Charles Fishman, a prolific journalist best known for his work on Wal-Mart, has an excellent op-ed in the New York Times recounting the wastefulness of America’s fragmented water-use policy, a problem made all the more urgent by the drought that is devastating crop yields across the country. Among other things, he notes:
(1) the fact that roughly half of the 99 gallons of water consumed by the average American in the summer months goes to watering lawns, often during the sunniest part of the day;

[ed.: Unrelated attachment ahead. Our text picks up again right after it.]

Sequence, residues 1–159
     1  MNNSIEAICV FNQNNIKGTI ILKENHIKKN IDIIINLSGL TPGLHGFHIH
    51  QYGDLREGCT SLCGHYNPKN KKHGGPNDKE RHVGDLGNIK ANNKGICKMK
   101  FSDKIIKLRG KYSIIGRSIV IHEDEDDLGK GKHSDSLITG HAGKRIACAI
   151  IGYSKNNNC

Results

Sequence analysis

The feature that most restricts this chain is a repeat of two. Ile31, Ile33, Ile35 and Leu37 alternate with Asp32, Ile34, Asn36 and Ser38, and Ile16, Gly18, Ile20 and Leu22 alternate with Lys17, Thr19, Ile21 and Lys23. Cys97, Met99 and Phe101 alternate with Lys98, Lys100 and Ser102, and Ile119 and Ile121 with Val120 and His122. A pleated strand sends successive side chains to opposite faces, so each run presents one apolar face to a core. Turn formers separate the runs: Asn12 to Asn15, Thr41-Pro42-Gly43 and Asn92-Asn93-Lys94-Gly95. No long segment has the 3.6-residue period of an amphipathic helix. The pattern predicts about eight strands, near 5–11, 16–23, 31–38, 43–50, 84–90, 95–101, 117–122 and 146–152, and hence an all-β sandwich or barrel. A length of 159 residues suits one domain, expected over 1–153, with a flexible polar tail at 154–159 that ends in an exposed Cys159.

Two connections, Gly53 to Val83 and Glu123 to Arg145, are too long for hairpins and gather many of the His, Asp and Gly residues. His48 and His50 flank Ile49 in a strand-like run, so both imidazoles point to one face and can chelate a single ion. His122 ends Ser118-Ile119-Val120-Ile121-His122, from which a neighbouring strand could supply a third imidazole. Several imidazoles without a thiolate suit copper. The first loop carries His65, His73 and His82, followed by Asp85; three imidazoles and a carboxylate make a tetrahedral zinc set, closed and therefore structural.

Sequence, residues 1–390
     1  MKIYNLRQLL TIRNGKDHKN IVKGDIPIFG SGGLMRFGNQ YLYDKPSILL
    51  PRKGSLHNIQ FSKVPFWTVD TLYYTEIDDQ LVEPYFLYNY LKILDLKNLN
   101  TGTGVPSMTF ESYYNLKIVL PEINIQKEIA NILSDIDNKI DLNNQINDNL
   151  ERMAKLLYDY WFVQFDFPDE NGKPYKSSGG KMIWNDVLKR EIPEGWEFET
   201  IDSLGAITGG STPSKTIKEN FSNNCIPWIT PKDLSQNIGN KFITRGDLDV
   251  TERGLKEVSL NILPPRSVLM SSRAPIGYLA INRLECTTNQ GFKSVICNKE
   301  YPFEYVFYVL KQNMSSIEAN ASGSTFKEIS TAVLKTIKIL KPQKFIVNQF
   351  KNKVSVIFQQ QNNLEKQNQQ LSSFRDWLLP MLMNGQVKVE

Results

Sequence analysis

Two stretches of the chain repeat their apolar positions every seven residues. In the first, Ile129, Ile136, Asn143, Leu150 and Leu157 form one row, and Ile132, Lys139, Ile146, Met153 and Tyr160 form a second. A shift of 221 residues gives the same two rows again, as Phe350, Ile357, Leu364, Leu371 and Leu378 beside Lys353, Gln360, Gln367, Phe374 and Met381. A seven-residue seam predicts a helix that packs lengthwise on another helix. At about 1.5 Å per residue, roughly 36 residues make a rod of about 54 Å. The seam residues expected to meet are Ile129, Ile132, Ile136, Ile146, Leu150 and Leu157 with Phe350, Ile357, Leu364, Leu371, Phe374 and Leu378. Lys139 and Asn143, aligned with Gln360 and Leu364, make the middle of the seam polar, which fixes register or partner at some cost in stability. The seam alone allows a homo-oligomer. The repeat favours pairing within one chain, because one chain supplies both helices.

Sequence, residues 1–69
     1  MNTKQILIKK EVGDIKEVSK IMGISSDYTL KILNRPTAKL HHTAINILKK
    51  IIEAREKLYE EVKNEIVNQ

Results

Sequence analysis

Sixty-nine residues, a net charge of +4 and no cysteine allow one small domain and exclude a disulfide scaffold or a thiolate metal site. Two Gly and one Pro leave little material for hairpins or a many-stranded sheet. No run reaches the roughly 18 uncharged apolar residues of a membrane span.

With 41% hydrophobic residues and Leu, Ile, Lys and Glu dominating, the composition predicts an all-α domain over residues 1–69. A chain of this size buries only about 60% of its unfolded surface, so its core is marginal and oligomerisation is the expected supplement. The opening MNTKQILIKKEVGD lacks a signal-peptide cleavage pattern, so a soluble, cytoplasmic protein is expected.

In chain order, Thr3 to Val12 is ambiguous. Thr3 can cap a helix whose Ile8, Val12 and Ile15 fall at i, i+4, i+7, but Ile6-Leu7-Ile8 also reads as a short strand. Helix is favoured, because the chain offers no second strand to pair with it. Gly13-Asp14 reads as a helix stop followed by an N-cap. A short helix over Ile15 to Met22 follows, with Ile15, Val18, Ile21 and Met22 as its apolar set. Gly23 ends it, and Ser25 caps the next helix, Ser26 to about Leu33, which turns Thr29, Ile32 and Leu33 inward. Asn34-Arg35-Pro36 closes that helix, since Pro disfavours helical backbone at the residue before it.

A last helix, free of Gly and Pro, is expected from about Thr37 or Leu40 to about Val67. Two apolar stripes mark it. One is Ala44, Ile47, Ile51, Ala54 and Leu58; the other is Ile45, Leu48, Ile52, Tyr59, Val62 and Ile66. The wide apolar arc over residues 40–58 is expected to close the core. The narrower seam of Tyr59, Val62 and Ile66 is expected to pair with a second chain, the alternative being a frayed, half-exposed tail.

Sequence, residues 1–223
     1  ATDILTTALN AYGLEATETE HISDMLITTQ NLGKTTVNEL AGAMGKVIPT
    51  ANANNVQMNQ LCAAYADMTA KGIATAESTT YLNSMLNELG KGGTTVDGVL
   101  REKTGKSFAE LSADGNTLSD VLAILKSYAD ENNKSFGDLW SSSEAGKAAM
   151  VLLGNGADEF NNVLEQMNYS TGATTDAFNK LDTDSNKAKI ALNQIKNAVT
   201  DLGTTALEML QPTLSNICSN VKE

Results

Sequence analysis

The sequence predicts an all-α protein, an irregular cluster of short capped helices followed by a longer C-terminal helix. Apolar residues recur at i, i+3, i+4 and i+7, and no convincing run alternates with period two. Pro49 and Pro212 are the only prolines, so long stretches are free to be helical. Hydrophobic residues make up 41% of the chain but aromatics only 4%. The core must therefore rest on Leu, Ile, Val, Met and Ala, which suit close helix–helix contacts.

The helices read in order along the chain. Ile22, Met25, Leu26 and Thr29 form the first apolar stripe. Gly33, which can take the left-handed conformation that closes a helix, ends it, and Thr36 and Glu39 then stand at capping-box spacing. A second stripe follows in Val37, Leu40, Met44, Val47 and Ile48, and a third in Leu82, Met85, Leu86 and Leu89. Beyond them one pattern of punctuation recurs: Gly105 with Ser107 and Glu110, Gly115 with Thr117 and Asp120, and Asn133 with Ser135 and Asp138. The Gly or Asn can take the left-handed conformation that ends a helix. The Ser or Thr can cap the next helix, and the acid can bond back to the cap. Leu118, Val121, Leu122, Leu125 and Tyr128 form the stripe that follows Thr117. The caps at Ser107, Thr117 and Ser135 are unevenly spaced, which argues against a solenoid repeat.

(2) the potential of rainwater harvesting;
(3) our failure to think rigorously about balancing the water-intensity of the crops we cultivate in various regions and the water resources available;
(4) the fact that U.S. utilities “lose enough water every six days to supply the nation for a day”;
(5) and the potential of water recycling to alleviate scarcity.
The core idea tying all of the above together is that we treat water as though it has no value, but that is very far from the truth.